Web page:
Tell Me Your Why

By Jayne Bodell

I have no passion to write. I do not write every day like all the experts tell us fledgling writers to do. I still struggle with even calling myself a writer. So why do I write?

At our last family dinner, my son-in-law shared information about a book he had just read. The point of the book was that most successful business people know what and how they produce, but the great ones will also tell you why they do what they do.

“For the money” is usually the first answer that comes to mind when answering why. The answer goes deeper than that.

My number one reason for writing is that I like the feeling of having a finished product.

Forget the process; that’s hard work. And it’s even harder to find the motivation to do the work, much less do the work every day. When you put the finishing touches on that final piece that is ready to post on your blog, send to your client, or submit for publication – that feeling is unique to writing.

For a brief moment, everything is right with the world. That’s the best way to describe it. You’ve worked hard to put all the pieces of the word puzzle together to create a cohesive piece of prose. You’ve edited until you’re satisfied with every word, well, almost satisfied. Every writer knows that the urge to edit never goes away. Then, when you’re finally ready to release your darling, you get to feel it. A peaceful wave of – yes! I can do this.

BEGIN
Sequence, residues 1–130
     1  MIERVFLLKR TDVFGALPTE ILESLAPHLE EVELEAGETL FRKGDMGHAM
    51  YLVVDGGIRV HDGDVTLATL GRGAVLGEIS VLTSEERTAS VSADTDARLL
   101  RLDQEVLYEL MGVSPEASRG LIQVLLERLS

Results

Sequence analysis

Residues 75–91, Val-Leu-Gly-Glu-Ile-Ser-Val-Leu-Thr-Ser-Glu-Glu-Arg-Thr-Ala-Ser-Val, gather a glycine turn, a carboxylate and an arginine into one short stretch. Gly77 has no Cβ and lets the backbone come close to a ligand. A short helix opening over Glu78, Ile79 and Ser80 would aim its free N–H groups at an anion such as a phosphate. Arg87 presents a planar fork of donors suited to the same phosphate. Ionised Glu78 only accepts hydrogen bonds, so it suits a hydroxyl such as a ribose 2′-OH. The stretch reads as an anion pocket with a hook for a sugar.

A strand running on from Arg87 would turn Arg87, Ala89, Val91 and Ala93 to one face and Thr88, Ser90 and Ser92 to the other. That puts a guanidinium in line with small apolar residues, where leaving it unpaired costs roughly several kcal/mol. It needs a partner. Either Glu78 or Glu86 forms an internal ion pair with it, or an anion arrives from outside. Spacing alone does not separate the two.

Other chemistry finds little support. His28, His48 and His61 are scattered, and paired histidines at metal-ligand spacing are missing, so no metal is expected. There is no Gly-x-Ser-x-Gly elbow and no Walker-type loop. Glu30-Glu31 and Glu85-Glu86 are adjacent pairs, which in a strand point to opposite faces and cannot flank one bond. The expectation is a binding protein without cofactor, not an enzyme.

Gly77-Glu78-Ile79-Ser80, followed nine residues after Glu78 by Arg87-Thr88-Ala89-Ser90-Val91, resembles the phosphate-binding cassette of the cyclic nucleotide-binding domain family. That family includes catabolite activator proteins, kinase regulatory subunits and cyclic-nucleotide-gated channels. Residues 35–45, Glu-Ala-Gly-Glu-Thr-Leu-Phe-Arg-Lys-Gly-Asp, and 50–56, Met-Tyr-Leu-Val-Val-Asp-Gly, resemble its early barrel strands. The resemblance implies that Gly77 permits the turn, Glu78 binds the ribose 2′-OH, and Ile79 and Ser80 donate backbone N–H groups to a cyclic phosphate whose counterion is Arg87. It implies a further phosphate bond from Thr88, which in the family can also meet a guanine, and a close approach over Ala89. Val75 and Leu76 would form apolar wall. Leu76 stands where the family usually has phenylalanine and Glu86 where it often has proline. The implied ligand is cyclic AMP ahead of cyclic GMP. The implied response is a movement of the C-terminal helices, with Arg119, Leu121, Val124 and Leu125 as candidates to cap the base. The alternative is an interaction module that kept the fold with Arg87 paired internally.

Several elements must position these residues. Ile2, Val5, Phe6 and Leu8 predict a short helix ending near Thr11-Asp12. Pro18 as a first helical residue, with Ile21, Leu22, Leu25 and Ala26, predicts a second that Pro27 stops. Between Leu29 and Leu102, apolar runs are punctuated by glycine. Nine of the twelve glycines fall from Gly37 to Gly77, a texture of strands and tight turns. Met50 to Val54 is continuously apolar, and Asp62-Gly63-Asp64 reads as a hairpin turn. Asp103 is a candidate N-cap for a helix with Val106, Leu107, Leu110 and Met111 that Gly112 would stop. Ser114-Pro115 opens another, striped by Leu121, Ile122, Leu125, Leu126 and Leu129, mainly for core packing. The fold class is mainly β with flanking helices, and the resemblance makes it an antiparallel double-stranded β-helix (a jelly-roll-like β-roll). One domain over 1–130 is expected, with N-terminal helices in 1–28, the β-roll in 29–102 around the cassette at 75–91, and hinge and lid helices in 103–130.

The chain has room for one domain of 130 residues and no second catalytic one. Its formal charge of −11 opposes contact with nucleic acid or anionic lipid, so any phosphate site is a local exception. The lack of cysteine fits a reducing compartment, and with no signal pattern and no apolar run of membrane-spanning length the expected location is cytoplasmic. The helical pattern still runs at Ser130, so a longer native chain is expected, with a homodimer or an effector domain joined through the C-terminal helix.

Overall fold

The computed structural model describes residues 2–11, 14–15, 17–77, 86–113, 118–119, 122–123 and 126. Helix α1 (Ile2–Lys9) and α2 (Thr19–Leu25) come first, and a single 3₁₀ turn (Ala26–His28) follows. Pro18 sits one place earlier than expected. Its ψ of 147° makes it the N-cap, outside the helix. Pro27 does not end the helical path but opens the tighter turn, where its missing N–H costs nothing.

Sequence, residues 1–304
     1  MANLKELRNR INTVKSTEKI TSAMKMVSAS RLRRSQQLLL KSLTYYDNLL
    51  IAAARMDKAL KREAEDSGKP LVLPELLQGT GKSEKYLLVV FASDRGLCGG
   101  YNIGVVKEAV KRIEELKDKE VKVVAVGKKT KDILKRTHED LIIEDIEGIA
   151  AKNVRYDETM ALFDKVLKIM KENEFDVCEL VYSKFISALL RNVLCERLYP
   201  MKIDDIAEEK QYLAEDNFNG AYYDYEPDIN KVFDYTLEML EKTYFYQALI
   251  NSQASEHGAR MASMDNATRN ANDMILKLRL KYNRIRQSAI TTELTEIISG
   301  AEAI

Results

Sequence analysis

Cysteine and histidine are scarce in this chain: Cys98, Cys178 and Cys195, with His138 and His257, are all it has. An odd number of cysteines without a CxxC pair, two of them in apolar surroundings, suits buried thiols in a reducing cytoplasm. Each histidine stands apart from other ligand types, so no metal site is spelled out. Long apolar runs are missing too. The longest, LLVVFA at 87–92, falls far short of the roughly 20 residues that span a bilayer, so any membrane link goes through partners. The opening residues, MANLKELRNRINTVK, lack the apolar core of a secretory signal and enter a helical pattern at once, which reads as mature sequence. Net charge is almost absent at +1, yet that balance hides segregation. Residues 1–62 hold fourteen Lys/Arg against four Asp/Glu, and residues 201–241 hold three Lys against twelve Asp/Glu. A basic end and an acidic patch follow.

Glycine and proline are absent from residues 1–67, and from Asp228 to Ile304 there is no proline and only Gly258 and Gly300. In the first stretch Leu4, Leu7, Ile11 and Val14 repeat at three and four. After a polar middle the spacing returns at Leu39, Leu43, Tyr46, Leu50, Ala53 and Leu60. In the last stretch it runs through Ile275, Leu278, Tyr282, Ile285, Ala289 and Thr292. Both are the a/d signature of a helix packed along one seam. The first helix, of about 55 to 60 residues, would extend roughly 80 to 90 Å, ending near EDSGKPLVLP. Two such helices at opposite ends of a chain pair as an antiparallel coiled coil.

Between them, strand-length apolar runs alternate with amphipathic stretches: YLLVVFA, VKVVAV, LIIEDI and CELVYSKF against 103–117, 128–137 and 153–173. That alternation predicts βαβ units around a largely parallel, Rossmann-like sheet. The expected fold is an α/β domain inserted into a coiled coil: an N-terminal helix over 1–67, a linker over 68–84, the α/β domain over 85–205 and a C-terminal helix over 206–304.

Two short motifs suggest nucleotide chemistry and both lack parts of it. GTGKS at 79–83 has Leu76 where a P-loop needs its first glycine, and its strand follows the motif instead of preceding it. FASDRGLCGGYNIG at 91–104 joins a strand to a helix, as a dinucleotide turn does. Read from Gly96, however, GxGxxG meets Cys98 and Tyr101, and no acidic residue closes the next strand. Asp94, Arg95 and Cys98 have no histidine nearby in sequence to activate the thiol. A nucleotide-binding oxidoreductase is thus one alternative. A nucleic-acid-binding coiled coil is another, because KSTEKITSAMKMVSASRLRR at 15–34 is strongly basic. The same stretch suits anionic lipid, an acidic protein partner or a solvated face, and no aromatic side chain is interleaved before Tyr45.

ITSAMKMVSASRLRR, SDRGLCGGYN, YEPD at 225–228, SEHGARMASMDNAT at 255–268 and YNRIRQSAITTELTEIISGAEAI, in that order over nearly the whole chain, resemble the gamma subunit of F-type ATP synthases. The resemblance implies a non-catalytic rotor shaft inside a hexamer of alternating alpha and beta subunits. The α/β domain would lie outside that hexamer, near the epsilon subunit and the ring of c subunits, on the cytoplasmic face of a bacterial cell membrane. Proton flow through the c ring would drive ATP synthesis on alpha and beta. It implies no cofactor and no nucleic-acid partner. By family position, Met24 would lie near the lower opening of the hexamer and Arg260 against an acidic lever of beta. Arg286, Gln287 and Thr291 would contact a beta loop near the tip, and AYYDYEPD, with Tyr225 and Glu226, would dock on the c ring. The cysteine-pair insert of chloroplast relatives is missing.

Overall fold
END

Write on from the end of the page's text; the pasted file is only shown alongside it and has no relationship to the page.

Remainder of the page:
I am nothing if not practical, which leads me to the second reason I write.

In case something happens to my full-time job, I have a backup plan. It’s as simple as that. The fantasy version is walking into my boss’s office and announcing that I quit, and I’m my own boss now.

Writing is a skill like anything else in the business world, and I want to feel confident that I can use that skill when pursuing another career. Until I make that leap to full-time writer, I want to take baby steps to build my confidence and make a little extra money along the way. Can you tell I don’t like to jump into things?

In the process of following my plan, I discovered a wonderful benefit to writing. Let’s explore my reason number three:

This creative outlet helps alleviate my depression and anxiety. I decided years ago that I wanted to manage my mild depression using outlets besides medication. When I started to write, I realized that I get the same feeling I do when I clean. By cleaning, I put things in order. It’s a piece of my world that I can control. Depression and anxiety appear when I feel out of control. Writing takes this jumble of ideas swimming around in my brain and puts them into words that make sense. The chaos is harnessed.

Writing as a remedy for depression is a double-edged sword, though. The reason I don’t write every day is because I usually don’t feel like writing. It is often a battle to park my butt in a chair and write 500 words. In my defense, I do work a full-time job, so my writing time is limited.